To Solve a Mockingbird: Designing for Literary Solutions with Little Bits

Dan Ryder
Dan Ryder
May 27, 2017 · 3 min read

“ . . . challenge students to bias toward action, focusing their energies on function and intention. . .”

Over the space of three weeks, my ninth grade students tackled a film study of To Kill a Mockingbird. (Full disclosure: my classes don’t read the complete novel because of its length. Were the film not a piece of art in its own right, I would not be so completely comfortable with this. Plus, in an act of true English teacher heresy, I love teaching my students’ film analysis too much to sacrifice that opportunity for the novel. #unapologeticmisguidededucator)

After unpacking the film, exploring the symbolism in the opening credits, and performing some scene analysis with regards to composition, theme and production design, we turned our attention to a design challenge:

How might we design a solution to the challenges the characters of To Kill a Mockingbird face?

For this challenge they were given the creative constraint of using Little Bits electronics in conjunction with the low-res building materials on our maker cart. The intent? The more the prototype solution reflects reality, the more authentic and the deeper the understanding.

Besides a strong familiarity with the film, most important to our problem solving process was starting with Ela Ben-Ur’s Innovator’s Compass. This design thinking tool allowed us to dig into a character’s problems, brainstorm solutions, align those solutions to the character’s values, and develop a course of action.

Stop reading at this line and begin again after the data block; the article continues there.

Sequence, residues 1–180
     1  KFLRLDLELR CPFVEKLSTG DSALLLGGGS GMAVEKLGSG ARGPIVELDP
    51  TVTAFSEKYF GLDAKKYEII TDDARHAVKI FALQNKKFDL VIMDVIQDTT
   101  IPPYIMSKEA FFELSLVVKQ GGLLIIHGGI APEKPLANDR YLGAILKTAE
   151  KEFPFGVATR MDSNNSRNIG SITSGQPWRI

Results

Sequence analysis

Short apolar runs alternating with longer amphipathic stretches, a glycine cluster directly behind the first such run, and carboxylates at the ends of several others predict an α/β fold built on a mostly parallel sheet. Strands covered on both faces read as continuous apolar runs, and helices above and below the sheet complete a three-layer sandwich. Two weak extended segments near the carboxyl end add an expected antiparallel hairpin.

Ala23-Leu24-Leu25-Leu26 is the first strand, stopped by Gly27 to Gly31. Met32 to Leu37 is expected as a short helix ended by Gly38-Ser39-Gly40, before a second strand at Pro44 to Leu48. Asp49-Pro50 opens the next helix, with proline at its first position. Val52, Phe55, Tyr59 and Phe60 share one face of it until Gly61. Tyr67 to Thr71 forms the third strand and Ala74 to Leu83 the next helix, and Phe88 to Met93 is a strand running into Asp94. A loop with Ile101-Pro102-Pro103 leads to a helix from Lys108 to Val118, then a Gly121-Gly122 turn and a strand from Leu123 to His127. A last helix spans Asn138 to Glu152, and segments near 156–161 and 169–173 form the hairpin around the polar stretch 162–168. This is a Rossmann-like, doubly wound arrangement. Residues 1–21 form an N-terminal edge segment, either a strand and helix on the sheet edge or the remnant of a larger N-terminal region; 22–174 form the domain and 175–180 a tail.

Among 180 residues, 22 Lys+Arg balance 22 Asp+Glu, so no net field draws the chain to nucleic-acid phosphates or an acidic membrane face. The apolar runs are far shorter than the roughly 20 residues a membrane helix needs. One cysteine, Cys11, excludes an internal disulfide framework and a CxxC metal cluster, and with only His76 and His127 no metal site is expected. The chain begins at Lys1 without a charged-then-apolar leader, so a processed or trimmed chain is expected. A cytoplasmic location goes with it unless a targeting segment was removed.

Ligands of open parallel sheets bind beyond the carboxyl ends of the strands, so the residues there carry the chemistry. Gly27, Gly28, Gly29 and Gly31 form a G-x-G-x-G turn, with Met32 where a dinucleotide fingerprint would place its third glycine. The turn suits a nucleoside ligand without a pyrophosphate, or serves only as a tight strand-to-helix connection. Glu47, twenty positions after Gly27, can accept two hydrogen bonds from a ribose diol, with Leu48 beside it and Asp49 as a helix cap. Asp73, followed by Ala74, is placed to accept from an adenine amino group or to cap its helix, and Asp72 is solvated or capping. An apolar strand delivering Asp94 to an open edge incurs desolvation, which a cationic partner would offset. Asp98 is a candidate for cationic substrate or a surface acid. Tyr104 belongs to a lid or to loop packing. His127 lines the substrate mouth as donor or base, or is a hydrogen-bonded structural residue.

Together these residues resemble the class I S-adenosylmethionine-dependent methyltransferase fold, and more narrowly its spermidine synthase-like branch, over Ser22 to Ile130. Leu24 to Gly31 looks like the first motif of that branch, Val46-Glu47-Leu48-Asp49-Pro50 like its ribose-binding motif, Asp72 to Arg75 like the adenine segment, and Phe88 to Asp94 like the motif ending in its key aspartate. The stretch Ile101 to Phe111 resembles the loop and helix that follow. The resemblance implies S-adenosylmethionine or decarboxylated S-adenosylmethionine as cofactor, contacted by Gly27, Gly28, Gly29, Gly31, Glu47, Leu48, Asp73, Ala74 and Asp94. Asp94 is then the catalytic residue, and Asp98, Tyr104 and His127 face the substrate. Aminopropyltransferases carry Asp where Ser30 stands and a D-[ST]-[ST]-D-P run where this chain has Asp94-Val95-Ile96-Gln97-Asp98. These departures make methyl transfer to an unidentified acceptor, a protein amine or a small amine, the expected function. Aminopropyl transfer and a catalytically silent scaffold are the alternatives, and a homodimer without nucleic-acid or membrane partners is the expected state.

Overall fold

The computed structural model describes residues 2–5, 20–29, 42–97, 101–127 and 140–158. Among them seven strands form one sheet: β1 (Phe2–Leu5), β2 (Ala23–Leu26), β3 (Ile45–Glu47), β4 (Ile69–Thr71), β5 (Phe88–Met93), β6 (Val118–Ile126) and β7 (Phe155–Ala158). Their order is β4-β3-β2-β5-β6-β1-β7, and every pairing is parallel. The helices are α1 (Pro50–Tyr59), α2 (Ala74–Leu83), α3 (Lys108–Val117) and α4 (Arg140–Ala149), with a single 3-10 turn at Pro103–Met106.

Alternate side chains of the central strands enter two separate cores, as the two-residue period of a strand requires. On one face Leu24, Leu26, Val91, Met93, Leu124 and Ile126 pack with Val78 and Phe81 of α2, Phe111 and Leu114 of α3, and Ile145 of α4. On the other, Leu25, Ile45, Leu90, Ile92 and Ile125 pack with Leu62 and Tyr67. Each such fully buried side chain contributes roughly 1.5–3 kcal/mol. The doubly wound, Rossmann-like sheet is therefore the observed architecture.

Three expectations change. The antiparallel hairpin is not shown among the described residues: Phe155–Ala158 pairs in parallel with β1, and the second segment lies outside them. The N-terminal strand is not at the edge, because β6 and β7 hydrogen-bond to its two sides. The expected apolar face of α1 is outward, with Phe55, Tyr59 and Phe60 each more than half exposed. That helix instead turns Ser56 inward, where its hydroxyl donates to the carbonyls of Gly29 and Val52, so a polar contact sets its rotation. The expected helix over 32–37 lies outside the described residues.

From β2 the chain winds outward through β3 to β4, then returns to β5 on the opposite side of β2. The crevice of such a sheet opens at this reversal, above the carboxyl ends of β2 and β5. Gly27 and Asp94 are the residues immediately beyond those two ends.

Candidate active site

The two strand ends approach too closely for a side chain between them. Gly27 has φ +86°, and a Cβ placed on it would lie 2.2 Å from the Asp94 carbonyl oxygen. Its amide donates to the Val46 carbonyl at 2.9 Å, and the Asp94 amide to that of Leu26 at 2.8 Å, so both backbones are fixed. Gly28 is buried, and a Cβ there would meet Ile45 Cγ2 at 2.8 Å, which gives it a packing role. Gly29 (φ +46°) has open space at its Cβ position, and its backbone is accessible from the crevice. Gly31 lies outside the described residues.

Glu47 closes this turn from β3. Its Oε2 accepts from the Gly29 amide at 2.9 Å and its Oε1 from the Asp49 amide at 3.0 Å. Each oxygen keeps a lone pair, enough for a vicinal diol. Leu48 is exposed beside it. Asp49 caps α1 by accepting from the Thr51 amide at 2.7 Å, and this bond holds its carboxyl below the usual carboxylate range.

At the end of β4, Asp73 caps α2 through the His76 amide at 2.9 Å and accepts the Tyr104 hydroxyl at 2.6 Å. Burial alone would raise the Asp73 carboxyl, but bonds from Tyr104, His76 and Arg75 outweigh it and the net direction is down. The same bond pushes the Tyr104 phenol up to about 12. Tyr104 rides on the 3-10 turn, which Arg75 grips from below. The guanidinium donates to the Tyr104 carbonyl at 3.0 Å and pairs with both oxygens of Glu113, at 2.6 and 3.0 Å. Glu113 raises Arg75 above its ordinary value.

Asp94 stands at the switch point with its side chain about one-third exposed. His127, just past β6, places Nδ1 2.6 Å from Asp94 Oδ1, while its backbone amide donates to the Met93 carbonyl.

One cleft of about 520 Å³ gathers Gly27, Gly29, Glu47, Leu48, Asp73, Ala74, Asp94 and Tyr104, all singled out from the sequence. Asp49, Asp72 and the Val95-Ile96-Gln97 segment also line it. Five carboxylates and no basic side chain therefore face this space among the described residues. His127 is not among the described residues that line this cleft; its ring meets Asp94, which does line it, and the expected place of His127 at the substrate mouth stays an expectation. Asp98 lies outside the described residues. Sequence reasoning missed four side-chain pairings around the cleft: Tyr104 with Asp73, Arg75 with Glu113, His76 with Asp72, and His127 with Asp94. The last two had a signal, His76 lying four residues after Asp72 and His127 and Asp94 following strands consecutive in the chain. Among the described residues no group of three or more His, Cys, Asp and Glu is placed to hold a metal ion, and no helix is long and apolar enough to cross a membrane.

Sample Innovator’s Compass for Dill from “To Kill a Mockingbird”

After some time experimenting with Little Bits in general — discovering how they can work with one another, how they integrate with other materials, and how they can achieve more than one effect depending upon how they implemented — students were given forty-five minutes to design and create.

This is fairly typical in my classes. Time constraints challenge students to bias toward action, focusing their energies on function and intention rather than aesthetics and . . . looks.

Having completed their prototypes, students were asked to complete an Intention Map, a design tool I developed to assess student intentionality and understanding, and then provide a walkthrough of their design on Flipgrid.

Had we more time, we would have read more excerpts from the source novel and employed that text evidence in the service of deeper empathy with the characters. It would also be wonderful to have time to elicit feedback and complete second iterations. Still, I’m quite happy with the results for a three-week unit in a 70-minute alternating block schedule.

Perhaps most remarkable was the greeting I received in the hallway the morning I write these words.

“Mr. Ryder! Mr. Ryder!”

“What, Mol?”

“Oh my gosh, oh my gosh! I was thinking about our design for To Kill a Mockingbird and Atticus and how it is supposed to keep bad guys and monsters away from his kids and everything and I realized the lights that are on our design? That’s JUST like how the kids in the movie are in the light and represent innocence and Atticus is the greater good and RIGHT?!”

Mockingbird solved — for the moment.

See more on design thinking, critical creativity, and evolving education at And contact me on Twitter & Instagram@wickeddecent or by visiting And check out my book with Amy Burvall, Intention: Critical Creativity in the Classroom from EdTechTeam.

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